CHENEY: Well, and we had the Secret Service, you know, getting us there, the doctors we have great faith in. You know Dick, and if there's anyone that is comforting to be around, it is Dick, even in a dire emergency like that. You take -- you become very calm just because he's so calm.

KING: Has he always been that way?

CHENEY: He has.

KING: He's in control, isn't he?

CHENEY: Well, it's in control, but it's also just sort of dealing with the reality of the situation, and knowing that a lot of flailing around is not going to change the reality. You have to figure out how best to deal with it. He was like that even when he was in high school.

KING: You know each other from way back then.

CHENEY: That's right.

KING: And you're very active. You're into politics. Does he bring the job home?

CHENEY: Not very much.

KING: No?

CHENEY: You know, I think in our early years, he did more, because it was sort of a process of educating me. He had such an interesting life in the White House as a very young man. He was, I think, 34 when he became White House chief of staff.

KING: He was dashing, too, I might add.

CHENEY: Oh, quite a handsome young man. I think he's quite a handsome 61-year-old as well.

KING: He still is, but he had that full head of hair.

CHENEY: I had little kids. I was home a lot. And so, you know, we talked about his day because it helped me be involved in it. Now I'm more involved. And what I think is when you have a job where you're very busy all day long, what you kind of want to do is come home and put your feet up and maybe not think about it and not have somebody quizzing you about what was your schedule from 8:00 a.m. to 7:00 p.m. KING: Considering some things current, how has he been about this standing up for not releasing the list which is not a plus politically? I mean, it don't get your votes to not release a list.

CHENEY: Well, he really does feel that it's a principled stand, that if you're going to be a good president or a good vice president, you have to be able to meet with people and talk to them and get their honest opinions without having to report all of that to Henry Waxman. I suspect if Henry Waxman were asked to report to the White House all the meetings he has with, say, labor union people or trial lawyers and the details of their meetings, he might say, whoa, folks, the founders created three branches of government.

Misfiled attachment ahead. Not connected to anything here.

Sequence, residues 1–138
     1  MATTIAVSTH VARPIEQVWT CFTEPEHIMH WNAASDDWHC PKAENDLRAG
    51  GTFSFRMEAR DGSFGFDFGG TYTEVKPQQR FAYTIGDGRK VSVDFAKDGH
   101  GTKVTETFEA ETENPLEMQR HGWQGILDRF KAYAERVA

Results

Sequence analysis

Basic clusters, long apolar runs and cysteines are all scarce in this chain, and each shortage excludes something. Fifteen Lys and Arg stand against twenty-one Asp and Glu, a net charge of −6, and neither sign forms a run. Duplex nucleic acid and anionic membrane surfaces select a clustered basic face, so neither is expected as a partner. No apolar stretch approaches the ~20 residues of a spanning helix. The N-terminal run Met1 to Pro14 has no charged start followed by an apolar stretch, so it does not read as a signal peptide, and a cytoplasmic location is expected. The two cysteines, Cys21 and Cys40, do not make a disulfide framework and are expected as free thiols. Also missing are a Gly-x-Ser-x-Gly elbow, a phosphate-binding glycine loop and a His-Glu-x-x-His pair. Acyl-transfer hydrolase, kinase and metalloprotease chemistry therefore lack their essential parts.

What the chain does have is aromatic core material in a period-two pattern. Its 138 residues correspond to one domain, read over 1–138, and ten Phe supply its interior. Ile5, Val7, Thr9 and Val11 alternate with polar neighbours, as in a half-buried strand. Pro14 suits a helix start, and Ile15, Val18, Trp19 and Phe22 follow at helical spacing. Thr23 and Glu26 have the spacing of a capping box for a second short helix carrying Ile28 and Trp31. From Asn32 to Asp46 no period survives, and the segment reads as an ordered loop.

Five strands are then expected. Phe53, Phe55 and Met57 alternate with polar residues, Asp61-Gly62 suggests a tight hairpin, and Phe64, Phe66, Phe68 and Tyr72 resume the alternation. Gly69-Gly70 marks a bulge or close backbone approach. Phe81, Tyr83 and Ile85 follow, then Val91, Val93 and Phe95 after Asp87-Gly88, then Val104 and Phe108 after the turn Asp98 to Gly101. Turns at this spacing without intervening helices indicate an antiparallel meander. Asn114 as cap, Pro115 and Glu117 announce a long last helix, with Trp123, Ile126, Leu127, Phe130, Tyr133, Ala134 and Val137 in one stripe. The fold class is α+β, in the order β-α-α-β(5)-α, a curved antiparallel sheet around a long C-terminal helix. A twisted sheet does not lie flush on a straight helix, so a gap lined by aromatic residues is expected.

KING: Is it a thin line? What should we know? Florida has a Sunshine Law. You can't have a private meeting with an official.

CHENEY: Well, you can't have a private meeting with a member of the legislature?

(CROSSTALK)

KING: I don't know. I'm trying to remember how. They have a strong Florida Sunshine Law.

CHENEY: The federal government has a strong Sunshine Law as well. And that's what Mrs. Clinton ran afoul of. She brought in people from the outside, treated them as government employees to have meetings. So that was the problem.

KING: We have to break right there, Lynne. We'll see you in May.

CHENEY: Thank you, Larry.

KING: Let's go right to Seoul, South Korea and the press conference.

KIM DAE-JUNG, PRESIDENT OF SOUTH KOREA (through translator): Good morning, ladies and gentlemen. I would like to give my presentation.

First, on behalf of the Korean people, I would like to warmly welcome President Bush and thank him for taking time out of the war against terrorism to visit our country.

His visit is the first by President Bush since his inauguration, and it is also the first by an American president in the 21st century. It is for this reason that this visit will lay the foundation for future progress in Korean-U.S. relations in this century.

During today's meeting, President Bush and I recognized that the Korea-U.S. alliance is indispensable, not only for stability on the Korean Peninsula, but also in Northeast Asia as a whole.

Furthermore, President Bush and I expressed satisfaction that the bilateral alliance is not limited to cooperation in security matters, but that the comprehensive partnership has expanded and developed to all areas, including political, economic and diplomatic arenas.

President Bush and I exchanged views about the war against terrorists and future course of action.

I praised President Bush for the success in the war against terrorism under his outstanding leadership and indicated that Korea, as an ally, will do its utmost to cooperate and provide full support.

President Bush and I agreed to work with mutually consistent objectives and strategies in close consultation in pursuing the North Korean policy.

I greatly appreciate President Bush's staunch support for our Sunshine Policy as well as the U.S.'s unconditional proposal to dialogue with North Korea.

President Bush and I also discussed in-depth issues related to the threat of WMD proliferation, such as the possibility of terrorists obtaining WMDs and U.S. efforts to deter their spread across the world.

In this regard, we also concurred that the objective is to resolve the issue of North Korean WMDs and missiles at an early date through dialogue.

To this end, we agreed that Korea-U.S. joint efforts were necessary.

President Bush and I concurred that continued expansion and progress of bilateral economic and trade relations are in the interest of both our countries. Furthermore, we also agreed to further deepen cooperative relations at the multilateral level, such as the WTO Doha development agenda.

I am more than satisfied with the frank and open exchange of views I had with President Bush this morning on numerous issues. I would like to take this opportunity to express my heartfelt gratitude to President Bush for the interest he has expressed in peace on the Korean Peninsula, for the unparalleled affection he has for Korea, as well as the efforts and enthusiasm he has demonstrated in the development of bilateral relations.